Every year almost 95,000 women are diagnosed with a gynecologic malignancy [1]. Fortunately, the majority can be cured. Around 30 % will experience cancer recurrence, often with a dismal prognosis. Endometrial carcinoma represents the most common gynecologic malignancy. Patients with endometrial carcinoma generally have a good prognosis as most women are diagnosed in an early stage and can by cured by surgery. 5-year survival rates of 80–90 % have been reported [24]. Risk of local recurrence – defined as isolated vaginal recurrence - can even be lowered by the additional use of adjuvant pelvic radiotherapy as shown in the PORTEC-trial (incidence of vaginal recurrence of 2 % in the radiotherapy group versus 8 % in the control group) [47]. Nevertheless, the prognosis for women with advanced stage disease or high-risk histologies is poor with 5-year survival rates of 57 % for Stage III and 19 % for Stage IV tumors [4, 8]. All in all, 15 % of all women with endometrial cancer experience recurrence, with more than 50 % occurring within 2 years of primary treatment [4].

The incidence of cervical carcinoma has decreased in the Western countries over the last years but still remains a significant public health problem worldwide. The risk of recurrence after primary treatment depends on the tumor stage as well as on other risk factors like tumor size, lymphonodal status, deep stromal invasion or parametrial and surgical margin involvement [9, 10]. Most recurrences of cervical carcinoma occur within 18–24 months from the time of diagnosis [11, 12], whereas 70 % of the recurrences are pelvic ones. The 5-year survival rate after recurrence in high-risk patients is less than 10 % [13]. The site of relapse is a significant prognostic factor [13] with worse results for patients with pelvic wall recurrences [12, 1417].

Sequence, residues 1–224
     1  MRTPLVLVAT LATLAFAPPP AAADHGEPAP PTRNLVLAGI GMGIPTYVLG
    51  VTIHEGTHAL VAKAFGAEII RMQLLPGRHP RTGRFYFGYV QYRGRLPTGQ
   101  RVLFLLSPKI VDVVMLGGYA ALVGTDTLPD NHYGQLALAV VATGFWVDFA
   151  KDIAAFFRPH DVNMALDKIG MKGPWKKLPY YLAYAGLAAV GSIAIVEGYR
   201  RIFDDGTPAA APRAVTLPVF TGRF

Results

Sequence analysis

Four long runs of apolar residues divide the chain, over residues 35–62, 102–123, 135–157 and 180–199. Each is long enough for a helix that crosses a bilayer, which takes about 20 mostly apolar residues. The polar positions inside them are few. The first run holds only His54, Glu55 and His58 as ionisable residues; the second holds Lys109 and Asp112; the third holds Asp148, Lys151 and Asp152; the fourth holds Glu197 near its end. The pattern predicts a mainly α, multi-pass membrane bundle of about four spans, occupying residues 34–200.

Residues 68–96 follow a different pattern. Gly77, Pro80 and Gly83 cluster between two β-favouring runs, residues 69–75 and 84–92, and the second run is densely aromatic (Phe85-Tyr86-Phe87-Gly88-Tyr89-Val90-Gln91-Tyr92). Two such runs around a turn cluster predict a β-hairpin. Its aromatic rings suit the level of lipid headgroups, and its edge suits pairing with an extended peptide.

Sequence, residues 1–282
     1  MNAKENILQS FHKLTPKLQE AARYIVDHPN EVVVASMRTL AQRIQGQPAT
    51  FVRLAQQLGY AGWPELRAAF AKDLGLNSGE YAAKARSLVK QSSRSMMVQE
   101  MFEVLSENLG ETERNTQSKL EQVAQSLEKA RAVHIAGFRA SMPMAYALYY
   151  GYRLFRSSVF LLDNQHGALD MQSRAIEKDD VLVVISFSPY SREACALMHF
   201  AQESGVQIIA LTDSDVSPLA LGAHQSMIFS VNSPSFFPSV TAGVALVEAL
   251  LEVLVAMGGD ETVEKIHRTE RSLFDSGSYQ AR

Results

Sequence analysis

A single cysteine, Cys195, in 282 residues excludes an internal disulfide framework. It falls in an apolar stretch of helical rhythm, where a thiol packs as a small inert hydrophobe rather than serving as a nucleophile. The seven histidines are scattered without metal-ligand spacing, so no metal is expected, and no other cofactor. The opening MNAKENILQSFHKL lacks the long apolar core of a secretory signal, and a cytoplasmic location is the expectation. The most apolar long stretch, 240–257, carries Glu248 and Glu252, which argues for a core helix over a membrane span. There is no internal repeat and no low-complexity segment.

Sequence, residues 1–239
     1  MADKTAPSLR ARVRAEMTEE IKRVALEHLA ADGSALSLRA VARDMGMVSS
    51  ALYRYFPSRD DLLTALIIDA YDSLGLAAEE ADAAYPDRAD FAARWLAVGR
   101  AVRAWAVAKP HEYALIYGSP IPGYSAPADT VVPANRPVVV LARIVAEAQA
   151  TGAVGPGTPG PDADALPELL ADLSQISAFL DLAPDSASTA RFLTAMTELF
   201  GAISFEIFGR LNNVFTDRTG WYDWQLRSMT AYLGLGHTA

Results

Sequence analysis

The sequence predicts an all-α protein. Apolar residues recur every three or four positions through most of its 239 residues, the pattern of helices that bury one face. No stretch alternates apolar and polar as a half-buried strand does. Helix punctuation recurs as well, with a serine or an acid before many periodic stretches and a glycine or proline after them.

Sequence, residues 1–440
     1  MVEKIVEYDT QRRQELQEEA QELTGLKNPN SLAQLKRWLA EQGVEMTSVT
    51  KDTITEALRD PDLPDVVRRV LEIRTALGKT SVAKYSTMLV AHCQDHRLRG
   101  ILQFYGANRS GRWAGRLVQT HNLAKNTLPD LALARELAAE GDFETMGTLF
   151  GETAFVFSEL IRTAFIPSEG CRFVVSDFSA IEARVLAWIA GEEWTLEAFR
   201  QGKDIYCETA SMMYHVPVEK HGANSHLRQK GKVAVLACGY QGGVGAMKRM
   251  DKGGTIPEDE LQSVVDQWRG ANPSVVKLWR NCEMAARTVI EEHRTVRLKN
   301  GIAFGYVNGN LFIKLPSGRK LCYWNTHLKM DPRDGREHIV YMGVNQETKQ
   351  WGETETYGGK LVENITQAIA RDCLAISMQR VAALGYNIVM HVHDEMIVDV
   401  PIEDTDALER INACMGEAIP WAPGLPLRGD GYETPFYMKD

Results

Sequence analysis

Vulvar cancer represents 5 % of all gynecologic malignancies [8, 18]. Inguinal and femoral lymphatic node involvement is the most important prognostic factor for survival with a 5-year survival rate of 70–93 % for patients without lymph node involvement and only 25–41 % for those with positive lymph nodes [19, 20]. Local or distant recurrences are generally difficult to treat and the 5-year survival rate is less than 5 % [21].

In general, defining the treatment of choice for recurrent gynecologic cancer is a challenging issue. Many different factors must be taken into consideration such as the type of primary therapy, the site of recurrence, the disease-free interval, the patient’s symptoms and performance status and the degree to which any given treatment might be beneficial [12].

Pelvic exenteration may be considered in cases of recurrent or advanced-stage tumors with bladder and/or rectum infiltration neither extended to the pelvic side walls nor showing any distant metastases. High overall morbidity rates of about 70 % are still reported [12, 22, 23]. The postoperative mortality has decreased over time with nowadays 0–5.3 % [24, 25]. However, 5-year survival rates of 20–73 % after pelvic exenteration have been reported depending on disease situation and stage [12].

If resection or pelvic exenteration alone is not likely to produce satisfactory results, IOERT should be taken into consideration to increase the chance of local control. Improved outcome especially in case of close or positive margins has been reported for other pelvic diseases like locally recurrent rectal cancer previously [26]. The recommended doses depend on the exposure due to prior radiation treatment and the extent of residual tumor disease after resection, ranging from 10 to 20 Gy [12].